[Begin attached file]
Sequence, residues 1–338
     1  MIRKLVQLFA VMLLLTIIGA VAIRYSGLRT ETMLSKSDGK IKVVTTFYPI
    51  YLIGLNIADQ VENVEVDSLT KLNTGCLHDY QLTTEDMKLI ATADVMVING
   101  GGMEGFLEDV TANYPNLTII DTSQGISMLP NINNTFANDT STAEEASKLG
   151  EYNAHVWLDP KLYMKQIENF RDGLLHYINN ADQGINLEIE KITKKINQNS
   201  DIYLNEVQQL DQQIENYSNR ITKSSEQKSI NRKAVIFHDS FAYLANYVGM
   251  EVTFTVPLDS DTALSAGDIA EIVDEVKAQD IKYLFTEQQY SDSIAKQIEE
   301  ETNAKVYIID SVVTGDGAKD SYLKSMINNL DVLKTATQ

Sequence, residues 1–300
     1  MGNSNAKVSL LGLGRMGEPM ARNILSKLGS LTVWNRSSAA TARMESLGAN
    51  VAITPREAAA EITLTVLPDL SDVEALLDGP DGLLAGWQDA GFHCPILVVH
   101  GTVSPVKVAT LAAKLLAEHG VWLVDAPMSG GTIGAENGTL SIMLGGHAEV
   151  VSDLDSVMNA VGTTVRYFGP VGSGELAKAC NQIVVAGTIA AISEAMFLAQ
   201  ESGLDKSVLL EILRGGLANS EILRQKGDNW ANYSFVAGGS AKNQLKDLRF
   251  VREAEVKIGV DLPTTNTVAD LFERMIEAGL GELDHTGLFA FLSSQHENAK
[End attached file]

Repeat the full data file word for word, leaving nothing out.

Sequence, residues 1–338
     1  MIRKLVQLFA VMLLLTIIGA VAIRYSGLRT ETMLSKSDGK IKVVTTFYPI
    51  YLIGLNIADQ VENVEVDSLT KLNTGCLHDY QLTTEDMKLI ATADVMVING
   101  GGMEGFLEDV TANYPNLTII DTSQGISMLP NINNTFANDT STAEEASKLG
   151  EYNAHVWLDP KLYMKQIENF RDGLLHYINN ADQGINLEIE KITKKINQNS
   201  DIYLNEVQQL DQQIENYSNR ITKSSEQKSI NRKAVIFHDS FAYLANYVGM
   251  EVTFTVPLDS DTALSAGDIA EIVDEVKAQD IKYLFTEQQY SDSIAKQIEE
   301  ETNAKVYIID SVVTGDGAKD SYLKSMINNL DVLKTATQ

Sequence, residues 1–300
     1  MGNSNAKVSL LGLGRMGEPM ARNILSKLGS LTVWNRSSAA TARMESLGAN
    51  VAITPREAAA EITLTVLPDL SDVEALLDGP DGLLAGWQDA GFHCPILVVH
   101  GTVSPVKVAT LAAKLLAEHG VWLVDAPMSG GTIGAENGTL SIMLGGHAEV
   151  VSDLDSVMNA VGTTVRYFGP VGSGELAKAC NQIVVAGTIA AISEAMFLAQ
   201  ESGLDKSVLL EILRGGLANS EILRQKGDNW ANYSFVAGGS AKNQLKDLRF
   251  VREAEVKIGV DLPTTNTVAD LFERMIEAGL GELDHTGLFA FLSSQHENAK